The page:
BOB: Yes, I for one would be very keen to have the role validated. I think academics would take us more seriously and once they had experienced working with an ACE, would then realise the value and they would then add is to their program.
JAMES: Absolutely. We’ve spoken about this in the past and I think it needs to be a requirement and there is an important need to have some accreditation process or some monitoring, because it is actually a very robust system.
Academics who have not experienced working with an ACE might not be aware of the amount of training that goes into being an effective ACE, and I have seen the type of preparation ACEs go through, both as individuals and as part of the team. That’s the other aspect that needs to be mentioned. When you work with us at Chester, you really are seen as part of the team and are treated as such.
BOB: Yes, that’s true. We feel valued as much as other external educators, and we do appreciate it. It makes for a smooth working relationship and I think the students notice this too.
The recent Pandemic must have posed challenges for you as an educator and I know it has affected the amount of work we have had. Some Institutions were up and running, but most seemed to struggle with embracing the new idea of working online. What was your experience like?
JAMES: Yeah, that’s a good question, actually. Obviously, we have had to change our approach to clinical practise and there have been significant changes in general practise in the community. We have had to work with video conferencing, telephone triage and consultations and we have found new ways to use these technologies with you guys at Meducate.
In fact, you were up and running as soon as the lockdown happened. This was great news for us, as we could use your services almost immediately and the skill and depth of understanding you brought to this new way of working was refreshing. Everything ran like clockwork. I can only say thanks and say that for those reading this Meducate can provide you with an excellent and very professional service.
I would like to thank James for giving permission to abbreviate our podcast and in future posts will include more interviews with clinicians as well as ACEs and students.
It’s true to say that during the Covid – 19 crises our services have not been required as much as normal. Whilst many institutions seem to be struggling to embrace online teaching some have risen to the challenge and hit the ground running. We have been fortunate however, working with both Wolverhampton and Chester Universities on their PA Programs. This is great news as it helps keep our skillsets sharp and allows us the opportunity to embrace this new way of working.
Teaching online does have its challenges but I find it as easy as if we were working face to face with students in a classroom. The feedback we have received from students has been excellent and this gives us confidence that what we are doing is hitting the mark.
Working with students directly, and in particular with Physical examinations, has not yet been possible due to social distancing. This will change soon with September seeing us back in the driving seat working as ACEs.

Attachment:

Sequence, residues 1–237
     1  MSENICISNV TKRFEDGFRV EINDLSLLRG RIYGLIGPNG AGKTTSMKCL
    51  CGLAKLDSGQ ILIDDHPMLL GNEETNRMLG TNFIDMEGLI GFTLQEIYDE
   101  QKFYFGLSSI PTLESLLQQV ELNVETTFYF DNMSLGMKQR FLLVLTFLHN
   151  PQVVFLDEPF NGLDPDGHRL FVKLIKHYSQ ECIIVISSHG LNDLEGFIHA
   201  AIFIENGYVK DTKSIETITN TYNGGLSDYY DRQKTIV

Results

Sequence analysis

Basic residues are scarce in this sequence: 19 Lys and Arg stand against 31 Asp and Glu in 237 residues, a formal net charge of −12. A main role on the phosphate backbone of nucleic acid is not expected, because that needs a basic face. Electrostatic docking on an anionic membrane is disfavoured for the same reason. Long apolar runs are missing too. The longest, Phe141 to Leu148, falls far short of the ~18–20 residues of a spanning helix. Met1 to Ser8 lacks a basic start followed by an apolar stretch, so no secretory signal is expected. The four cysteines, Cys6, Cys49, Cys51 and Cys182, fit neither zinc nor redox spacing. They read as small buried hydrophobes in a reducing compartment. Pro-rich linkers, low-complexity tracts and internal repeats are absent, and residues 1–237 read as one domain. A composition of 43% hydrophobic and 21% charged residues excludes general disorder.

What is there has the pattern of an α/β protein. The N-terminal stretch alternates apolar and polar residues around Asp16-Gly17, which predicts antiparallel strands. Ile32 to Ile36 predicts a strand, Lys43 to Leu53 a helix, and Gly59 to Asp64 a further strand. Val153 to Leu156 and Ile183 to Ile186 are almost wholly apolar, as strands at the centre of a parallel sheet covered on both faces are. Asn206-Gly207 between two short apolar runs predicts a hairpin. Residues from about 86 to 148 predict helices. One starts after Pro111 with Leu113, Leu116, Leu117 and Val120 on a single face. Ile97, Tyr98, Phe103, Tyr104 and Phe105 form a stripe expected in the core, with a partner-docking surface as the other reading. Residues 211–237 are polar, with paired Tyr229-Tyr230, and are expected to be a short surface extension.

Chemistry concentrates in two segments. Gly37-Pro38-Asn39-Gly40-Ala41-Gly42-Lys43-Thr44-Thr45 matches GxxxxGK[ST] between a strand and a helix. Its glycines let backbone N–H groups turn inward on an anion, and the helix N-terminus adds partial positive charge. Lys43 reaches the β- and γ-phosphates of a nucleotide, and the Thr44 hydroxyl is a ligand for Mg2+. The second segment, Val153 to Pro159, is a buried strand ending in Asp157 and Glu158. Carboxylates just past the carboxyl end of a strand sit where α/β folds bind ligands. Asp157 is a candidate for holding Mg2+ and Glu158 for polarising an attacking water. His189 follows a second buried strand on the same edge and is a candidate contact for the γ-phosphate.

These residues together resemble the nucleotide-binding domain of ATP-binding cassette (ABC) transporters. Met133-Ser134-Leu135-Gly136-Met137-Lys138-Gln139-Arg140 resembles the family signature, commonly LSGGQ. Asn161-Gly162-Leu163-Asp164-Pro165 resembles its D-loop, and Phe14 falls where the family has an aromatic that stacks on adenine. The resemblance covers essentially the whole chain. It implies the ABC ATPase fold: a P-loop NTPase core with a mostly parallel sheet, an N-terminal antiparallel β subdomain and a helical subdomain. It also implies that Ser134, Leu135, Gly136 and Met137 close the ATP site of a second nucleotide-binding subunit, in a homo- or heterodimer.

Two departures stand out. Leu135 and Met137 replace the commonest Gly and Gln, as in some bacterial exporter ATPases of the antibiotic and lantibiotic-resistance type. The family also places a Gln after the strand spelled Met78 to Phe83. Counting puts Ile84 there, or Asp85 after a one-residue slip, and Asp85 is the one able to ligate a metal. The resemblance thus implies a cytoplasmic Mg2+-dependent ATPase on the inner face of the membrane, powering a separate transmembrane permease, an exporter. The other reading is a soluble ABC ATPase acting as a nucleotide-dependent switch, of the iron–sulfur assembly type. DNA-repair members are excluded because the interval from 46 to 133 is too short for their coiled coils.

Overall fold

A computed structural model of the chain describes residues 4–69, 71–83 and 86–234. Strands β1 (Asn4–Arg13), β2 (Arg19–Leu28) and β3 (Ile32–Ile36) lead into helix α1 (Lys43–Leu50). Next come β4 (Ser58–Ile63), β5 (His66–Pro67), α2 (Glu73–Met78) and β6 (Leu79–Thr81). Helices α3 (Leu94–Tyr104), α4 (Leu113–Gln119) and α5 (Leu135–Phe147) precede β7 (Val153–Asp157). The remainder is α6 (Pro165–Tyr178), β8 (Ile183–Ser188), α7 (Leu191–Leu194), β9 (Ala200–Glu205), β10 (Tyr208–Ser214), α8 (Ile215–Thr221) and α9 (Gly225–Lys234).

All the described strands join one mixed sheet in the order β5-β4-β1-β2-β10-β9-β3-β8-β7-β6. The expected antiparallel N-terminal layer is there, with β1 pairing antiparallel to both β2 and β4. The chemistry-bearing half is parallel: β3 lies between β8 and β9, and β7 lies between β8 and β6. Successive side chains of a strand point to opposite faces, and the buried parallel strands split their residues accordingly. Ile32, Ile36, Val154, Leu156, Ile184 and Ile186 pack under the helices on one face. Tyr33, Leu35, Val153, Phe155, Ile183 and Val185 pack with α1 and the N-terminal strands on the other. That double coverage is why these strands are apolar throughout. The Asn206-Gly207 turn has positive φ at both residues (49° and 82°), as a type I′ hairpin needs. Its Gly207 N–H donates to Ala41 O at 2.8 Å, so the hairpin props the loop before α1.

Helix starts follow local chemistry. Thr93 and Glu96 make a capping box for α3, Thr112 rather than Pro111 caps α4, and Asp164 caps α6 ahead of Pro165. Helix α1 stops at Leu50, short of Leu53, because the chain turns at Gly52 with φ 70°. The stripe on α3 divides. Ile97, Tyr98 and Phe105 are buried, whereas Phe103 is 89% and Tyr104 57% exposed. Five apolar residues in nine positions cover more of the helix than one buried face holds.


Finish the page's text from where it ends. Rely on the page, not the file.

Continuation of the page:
Many ACEs and role players are also trained actors which obviously ensures that scenarios are realistic and believable. We often get feedback from students saying how “real” they felt the interaction was, and because of our varied skillsets we often get asked to make training videos. These, more often than not, see us in consultations with us acting as patients, who might have challenging behaviours, as well as physical conditions and a comprehensive history.
Last week, we had a opportunity work with the Chester University PA Program when we were asked to take part in a filming session for James Ennis the Clinical Director at Chester University. We were tasked with developing a training video demonstrating a variety of typical Musculo-Skeletal Examinations (MSK).
We have been trained in clinical MSK examinations over 10 years ago by Professor Edward Davies (Consultant Surgeon) and Andy Emms (Consultant Physiotherapist) of the Royal Orthopaedic Hospital in Birmingham. This means that our level of skill and knowledge of how to prepare the students to perform these examinations is text book.
We often help prepare PA students and 4th Year Medical Students when working for The University of Birmingham Medical School in MSK examinations and this has sharpened our skills. This experience has been invaluable to our education as an ACE, as well as us being able to take advantage of online resources that are readily available if you know where to look.
The requirement was for us to go through complete Hip, Knee, Shoulder and Lumber Spine examinations, which also included Upper and Lower Limb Neurological exams.
With the help of Scott Howard from simulation, we managed to film all of the sequences and we look forward to seeing them being used by all those on the PA program in the near future. What made it even more useful was that we were able to review our knowledge base, and have an opportunity to practice skills we have not used for 4 months. It was a win-win situation!
I was assisted as always by my travelling companion Mark, who made the journey up to Chester pass by in the wink of an eye.
If you want to find out more about the role of the ACE and how we can help your students improve their technique, contact is at Meducate Academy.